On July 10 Morris Chang, chairman and CEO of Taiwan Semiconductor Manufacturing Co. Ltd., will be 82 years old. He is expected to step down as CEO in mid-2014, although he may continue as chairman beyond that time.
Chang is without doubt one of the most significant leaders of the semiconductor industry and deserves to be ranked up there with Jack Kilby, Robert Noyce, Gordon Moore, Tsugio Makimoto, Pasquale Pistorio and the many other pioneers that have founded and fostered our industry. He has done a superb job helping to create the fabless/foundry business model, then driving it forward and driving the company he founded to its leadership position. But none of us can go on forever and at some point the inevitable must be faced.
It is hard to imagine but Chang was a 25-year veteran at Texas Instrument before he returned to Asia to head up Taiwan's Industrial Technology Research Institute (ITRI) in 1985. Chang was already 56 years old when he founded TSMC in 1987.
TSMC is now not only a leader in the foundry business with about 50 percent market share but also a leader in the $300 billion semiconductor industry. It is one of only about half-a-dozen companies that can afford to participate in progressing semiconductor manufacturing at the leading edge.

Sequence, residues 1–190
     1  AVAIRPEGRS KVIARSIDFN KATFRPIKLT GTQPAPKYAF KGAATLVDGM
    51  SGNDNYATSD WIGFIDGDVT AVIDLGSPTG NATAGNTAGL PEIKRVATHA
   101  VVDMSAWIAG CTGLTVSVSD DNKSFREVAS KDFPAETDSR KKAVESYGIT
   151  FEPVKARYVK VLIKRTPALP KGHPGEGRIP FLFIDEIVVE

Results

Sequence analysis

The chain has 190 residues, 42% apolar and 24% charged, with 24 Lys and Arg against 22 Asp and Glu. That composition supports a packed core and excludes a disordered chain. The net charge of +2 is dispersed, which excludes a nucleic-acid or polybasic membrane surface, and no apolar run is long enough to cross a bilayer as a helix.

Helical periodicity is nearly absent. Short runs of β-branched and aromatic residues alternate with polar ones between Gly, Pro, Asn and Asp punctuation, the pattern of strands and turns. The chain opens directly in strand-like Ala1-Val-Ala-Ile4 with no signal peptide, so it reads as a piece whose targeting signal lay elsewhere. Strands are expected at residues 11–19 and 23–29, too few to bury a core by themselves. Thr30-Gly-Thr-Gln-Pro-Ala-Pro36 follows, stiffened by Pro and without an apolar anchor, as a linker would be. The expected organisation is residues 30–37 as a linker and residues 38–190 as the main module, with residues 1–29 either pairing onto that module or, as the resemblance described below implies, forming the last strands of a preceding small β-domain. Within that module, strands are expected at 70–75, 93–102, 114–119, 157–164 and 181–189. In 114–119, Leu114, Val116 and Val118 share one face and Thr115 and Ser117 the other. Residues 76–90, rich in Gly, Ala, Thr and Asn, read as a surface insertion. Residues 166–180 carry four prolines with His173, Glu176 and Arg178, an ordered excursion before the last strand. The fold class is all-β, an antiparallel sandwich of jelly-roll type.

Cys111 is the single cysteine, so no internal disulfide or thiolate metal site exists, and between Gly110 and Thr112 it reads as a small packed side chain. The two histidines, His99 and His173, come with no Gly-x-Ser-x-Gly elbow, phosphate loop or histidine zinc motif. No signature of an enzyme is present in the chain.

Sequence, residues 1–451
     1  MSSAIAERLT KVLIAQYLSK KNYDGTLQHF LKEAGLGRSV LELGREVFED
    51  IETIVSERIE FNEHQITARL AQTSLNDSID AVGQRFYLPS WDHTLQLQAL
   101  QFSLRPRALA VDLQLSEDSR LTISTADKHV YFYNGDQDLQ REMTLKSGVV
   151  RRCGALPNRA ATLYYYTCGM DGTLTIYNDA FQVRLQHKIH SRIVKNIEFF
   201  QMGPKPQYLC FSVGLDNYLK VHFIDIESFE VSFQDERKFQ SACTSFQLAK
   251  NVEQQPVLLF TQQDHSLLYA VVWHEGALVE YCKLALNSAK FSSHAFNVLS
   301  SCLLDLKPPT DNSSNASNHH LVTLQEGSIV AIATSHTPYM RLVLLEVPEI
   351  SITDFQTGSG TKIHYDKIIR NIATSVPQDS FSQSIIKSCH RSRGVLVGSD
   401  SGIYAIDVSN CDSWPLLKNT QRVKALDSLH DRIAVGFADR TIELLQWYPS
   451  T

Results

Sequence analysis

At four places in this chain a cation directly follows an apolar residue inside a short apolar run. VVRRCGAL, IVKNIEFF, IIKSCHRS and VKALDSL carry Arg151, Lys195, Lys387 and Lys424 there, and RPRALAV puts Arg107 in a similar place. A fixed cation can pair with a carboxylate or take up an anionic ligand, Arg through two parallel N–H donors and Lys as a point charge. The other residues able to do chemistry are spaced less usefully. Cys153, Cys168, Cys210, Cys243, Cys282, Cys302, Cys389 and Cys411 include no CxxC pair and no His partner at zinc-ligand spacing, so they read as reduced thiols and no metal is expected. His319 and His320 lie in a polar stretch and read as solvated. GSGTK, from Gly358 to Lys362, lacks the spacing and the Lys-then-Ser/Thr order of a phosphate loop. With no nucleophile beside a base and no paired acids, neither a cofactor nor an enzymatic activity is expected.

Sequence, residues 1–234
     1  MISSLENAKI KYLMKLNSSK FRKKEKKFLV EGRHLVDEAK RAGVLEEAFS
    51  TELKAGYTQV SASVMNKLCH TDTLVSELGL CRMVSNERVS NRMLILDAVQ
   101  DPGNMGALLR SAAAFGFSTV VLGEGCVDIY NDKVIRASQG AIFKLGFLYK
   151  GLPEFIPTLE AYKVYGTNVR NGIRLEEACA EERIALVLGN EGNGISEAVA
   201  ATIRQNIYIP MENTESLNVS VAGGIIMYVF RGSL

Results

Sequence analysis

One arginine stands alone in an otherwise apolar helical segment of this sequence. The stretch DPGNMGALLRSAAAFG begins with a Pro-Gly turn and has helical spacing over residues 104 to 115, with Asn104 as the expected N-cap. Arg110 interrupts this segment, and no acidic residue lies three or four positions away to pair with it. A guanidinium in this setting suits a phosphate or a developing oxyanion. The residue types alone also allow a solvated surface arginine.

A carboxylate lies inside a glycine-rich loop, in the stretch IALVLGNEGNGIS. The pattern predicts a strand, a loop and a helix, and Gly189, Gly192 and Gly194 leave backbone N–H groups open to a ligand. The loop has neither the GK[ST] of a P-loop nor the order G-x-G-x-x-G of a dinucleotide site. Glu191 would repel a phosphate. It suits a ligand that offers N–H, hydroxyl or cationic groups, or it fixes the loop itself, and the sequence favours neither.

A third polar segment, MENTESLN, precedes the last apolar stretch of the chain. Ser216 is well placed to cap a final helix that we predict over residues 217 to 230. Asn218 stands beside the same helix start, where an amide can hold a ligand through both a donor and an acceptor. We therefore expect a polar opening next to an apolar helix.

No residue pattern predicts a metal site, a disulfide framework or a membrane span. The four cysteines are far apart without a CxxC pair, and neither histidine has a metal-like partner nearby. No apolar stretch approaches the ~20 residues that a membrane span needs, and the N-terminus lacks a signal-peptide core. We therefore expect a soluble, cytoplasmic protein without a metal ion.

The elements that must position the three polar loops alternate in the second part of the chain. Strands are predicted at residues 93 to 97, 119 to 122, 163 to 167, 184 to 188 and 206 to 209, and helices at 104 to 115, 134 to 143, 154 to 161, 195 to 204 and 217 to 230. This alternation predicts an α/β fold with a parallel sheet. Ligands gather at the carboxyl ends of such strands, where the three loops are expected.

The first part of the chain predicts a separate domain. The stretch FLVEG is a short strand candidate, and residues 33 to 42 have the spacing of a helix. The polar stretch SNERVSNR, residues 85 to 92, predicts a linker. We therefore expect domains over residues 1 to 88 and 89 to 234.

Chang and TSMC have also done the smart thing of investing when times are good in the adjacent future markets of solar energy conversion and solid-state lighting. These are likely to upcoming high-growth businesses when silicon for information technology is somewhat old and ponderous. Some might argue that has already happened but in 2013 TSMC is on course to set another revenue record with year-to-date sales currently running 23 percent ahead of 2012. It is the foundry market leader in 28-nm CMOS, is tipped to win Apple's processor business, and so everything in the TSMC garden is rosy at present.
But when everything is going so well there is little upside left to be grabbed and observers and analysts start to see the lurking dangers on the downside. And one question that has to be faced is "how will TSMC cope when Chang steps down?" Unless an executive of similar caliber can be found the concern will be that TSMC's performance will deteriorate and Morris Chang will be an almost impossible act to follow.
Mr. Chang's shoes will not be easy to fill, it happens to every company, after the original Entrepreneurs'/founders leave, companies usually cannot sustain the same leadership position.
See what happened to Apple every time Steve Job left or at last died. They have never been able to regain their leadership position.
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